Magnolia ernestii Figlar

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Credits

Julian Sutton (2022)

Recommended citation
Sutton, J. (2022), 'Magnolia ernestii' from the website Trees and Shrubs Online (treesandshrubsonline.org/articles/magnolia/magnolia-ernestii/). Accessed 2022-07-02.

Genus

Common Names

  • Yellow Lily Tree
  • e mei han xiao

Synonyms

  • Michelia wilsonii Finet & Gagnep.
  • Michelia sinensis Hemsl. & E.H. Wilson
  • Michelia szechuanica Dandy

Other taxa in genus

Glossary

section
(sect.) Subdivision of a genus.
lamina
Leaf blade.
petiole
Leaf stalk.
type specimen
A herbarium specimen cited in a taxonomic account to define a particular species or other taxon.

Credits

Julian Sutton (2022)

Recommended citation
Sutton, J. (2022), 'Magnolia ernestii' from the website Trees and Shrubs Online (treesandshrubsonline.org/articles/magnolia/magnolia-ernestii/). Accessed 2022-07-02.

Evergreen tree to 20 m. Branchlets yellow or black-brown, glabrous or tomentose. Leaves thin, leathery, 11.5–14(–18) × 4–6 cm, obovate to elliptic, upper surface dark green and glossy with pubescence particularly on the midrib, lower surface glaucous with dense, minute yellowish brown hairs, 8–13 secondary veins on each side of the midrib, margins entire, apex short-acuminate; petiole 1.2–1.5 cm long and pubescent, stipular scar 2–4 mm (absent in subsp. szechuanica). Flowers on axillary shoots, yellowish white, fragrant, brachyblast 0.7–1 cm long with three (to four) bracts; tepals 9–12, 4–5 × 1–2.5 cm, obovate to spathulate; stamens green to cream or yellow; gynoecium stipitate with many brown- or silver-tomentose carpels. Fruits 13.5–15.5 cm long, cylindrical; ripe carpels subglobose, purplish brown, 1–2 cm long with a hooked beak and lenticels. Flowering March to May, fruiting August to September (China). Diploid 2n=38 (subsp. ernestii). (Chen & Nooteboom 1993; Liu et al. 2004; Xia, Liu & Nooteboom 2008).

Distribution  China Chongqing, Guizhou, Hubei, Hunan, Jiangxi, Sichuan, Yunnan

Habitat Forests and temple gardens, 600–2000 m.

USDA Hardiness Zone 7a-9

RHS Hardiness Rating H4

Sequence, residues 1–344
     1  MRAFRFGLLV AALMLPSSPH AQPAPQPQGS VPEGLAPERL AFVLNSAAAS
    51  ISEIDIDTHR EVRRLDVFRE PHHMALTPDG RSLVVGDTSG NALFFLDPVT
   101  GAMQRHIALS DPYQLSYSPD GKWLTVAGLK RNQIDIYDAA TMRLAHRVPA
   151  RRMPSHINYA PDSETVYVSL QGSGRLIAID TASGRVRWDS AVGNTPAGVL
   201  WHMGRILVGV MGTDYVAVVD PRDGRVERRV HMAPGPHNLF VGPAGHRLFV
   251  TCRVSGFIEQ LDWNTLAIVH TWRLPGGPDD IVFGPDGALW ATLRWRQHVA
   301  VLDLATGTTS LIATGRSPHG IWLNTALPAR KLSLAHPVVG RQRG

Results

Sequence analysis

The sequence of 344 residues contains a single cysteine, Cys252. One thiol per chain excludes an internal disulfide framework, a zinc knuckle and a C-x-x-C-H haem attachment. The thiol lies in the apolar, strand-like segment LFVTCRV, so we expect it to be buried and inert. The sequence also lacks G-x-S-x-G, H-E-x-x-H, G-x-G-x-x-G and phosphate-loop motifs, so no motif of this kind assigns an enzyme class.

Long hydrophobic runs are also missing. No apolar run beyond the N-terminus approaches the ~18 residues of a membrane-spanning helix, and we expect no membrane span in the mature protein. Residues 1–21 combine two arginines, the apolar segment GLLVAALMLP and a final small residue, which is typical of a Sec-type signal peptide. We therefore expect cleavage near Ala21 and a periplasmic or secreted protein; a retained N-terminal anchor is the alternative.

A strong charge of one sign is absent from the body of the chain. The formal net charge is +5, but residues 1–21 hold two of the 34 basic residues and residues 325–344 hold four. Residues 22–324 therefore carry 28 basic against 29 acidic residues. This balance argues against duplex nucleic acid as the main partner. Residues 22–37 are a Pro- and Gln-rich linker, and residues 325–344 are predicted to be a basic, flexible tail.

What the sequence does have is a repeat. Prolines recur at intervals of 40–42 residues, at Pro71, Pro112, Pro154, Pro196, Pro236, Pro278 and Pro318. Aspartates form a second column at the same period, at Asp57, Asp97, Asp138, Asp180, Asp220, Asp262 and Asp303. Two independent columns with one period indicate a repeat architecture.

Conservation status Data deficient (DD)

Taxonomic note Xia, Liu & Nooteboom (2008) and others distinguish subsp. szechuanica (Dandy) Sima & Figlar (stipular scar absent; Chongqing, Guizhou, W Hubei, Hunan, S Sichuan, NE Yunnan) from subsp. ernestii (stipular scar 2–4 mm; Guizhou, SW Hubei, Jiangxi, C and W Sichuan, SE Yunnan).

Out of the rash of late 20th century introductions from Section Michelia, a few species are emerging as candidates for planting well beyond the gardens of specialists and collectors. One such is Magnolia ernestii. A fast growing evergreen tree of warm temperate forests across a wide area in southern China, it suits parts of our area with mild winters, warm summers and a reasonably high rainfall. Quickly forming tall, upright specimens, the maximum recorded height of wild trees (20 m) has probably already been equalled somewhere in the Pacific Northwest. The only problem with having it as such a large tree is that the flowers are almost invisible up in the crown, but they are so fragrant that their scent perfumes the air around (Wharton 2007).

This was one of the earlier species of Section Michelia to be described (as Michelia wilsonii), in 1906; the type specimen (Wilson for Veitch 3136) was collected in Sichuan (Chen & Nooteboom 1993), but if Wilson ever collected seed nothing came of it. It was not until 1993 that Piroche Plants of British Columbia offered it, in one of the earliest ‘modern’ introductions of Asian evergreen magnolias. The taxonomic ‘sinking’ of Michelia in Magnolia (see introduction to the genus) required a potentially confusing name change. Since the name Magnolia wilsonii had already been used (a familiar species in Section Oyama), a new specific name was required for the former Michelia. Dick Figlar’s new epithet ernestii continues to honour Ernest Wilson, making him one of very few individuals commemorated by two species in a single genus.

Material from Piroche was rapidly passed among enthusiasts, and offered by other specialist nurseries in the Pacific Northwest. In 1995 Sean Hogan gave a plant to the University of British Columbia Botanical Garden, Vancouver. In good (i.e. wet) seasons it grows at over 60 cm per year and by 2007 had reached an extraordinary 16 m tall. The top of this specimen was broken by snow in November 2006, but it was unaffected by the –9°C experienced at the same time (Wharton 2007). It typically defoliates at about –6 °C, with the lamina detaching from the petiole, although the tree itself will tolerate lower temperatures, surviving equably to –12 °C and sometimes less (Hogan 2008). A specimen at Washington Park, Seattle, was successfully transplanted from a private garden at 6 m tall (Matin 2020). In Portland, Oregon, Sean Hogan and the late Parker Sanderson have used it as a street tree with great success, complementing older plantings nearby of Magnolia virginiana (var. australis), although the veteran observer of American landscape trees Arthur Lee Jacobson (Jacobson 2009) felt that it was less ornamental than either M. virginiana or M. grandiflora.

It is doing well in the few British gardens where it has been planted. A specimen at Tregrehan, Cornwall (an area noted for its mild winters and high rainfall, but not warm summers) had reached 12 m × 84 cm by 2014 (Tree Register 2021) and was producing its scented, pale yellow flowers by 2016 (Williams 2022). This seems to be a species with great potential for the Atlantic fringes of Europe.